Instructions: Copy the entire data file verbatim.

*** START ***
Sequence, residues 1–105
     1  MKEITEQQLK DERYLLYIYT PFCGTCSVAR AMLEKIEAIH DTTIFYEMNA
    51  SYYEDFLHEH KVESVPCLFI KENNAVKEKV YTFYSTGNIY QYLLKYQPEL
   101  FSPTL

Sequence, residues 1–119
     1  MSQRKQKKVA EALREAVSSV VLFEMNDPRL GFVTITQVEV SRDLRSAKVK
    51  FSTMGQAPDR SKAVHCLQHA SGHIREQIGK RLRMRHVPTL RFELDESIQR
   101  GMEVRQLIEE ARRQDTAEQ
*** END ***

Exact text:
Sequence, residues 1–105
     1  MKEITEQQLK DERYLLYIYT PFCGTCSVAR AMLEKIEAIH DTTIFYEMNA
    51  SYYEDFLHEH KVESVPCLFI KENNAVKEKV YTFYSTGNIY QYLLKYQPEL
   101  FSPTL

Sequence, residues 1–119
     1  MSQRKQKKVA EALREAVSSV VLFEMNDPRL GFVTITQVEV SRDLRSAKVK
    51  FSTMGQAPDR SKAVHCLQHA SGHIREQIGK RLRMRHVPTL RFELDESIQR
   101  GMEVRQLIEE ARRQDTAEQ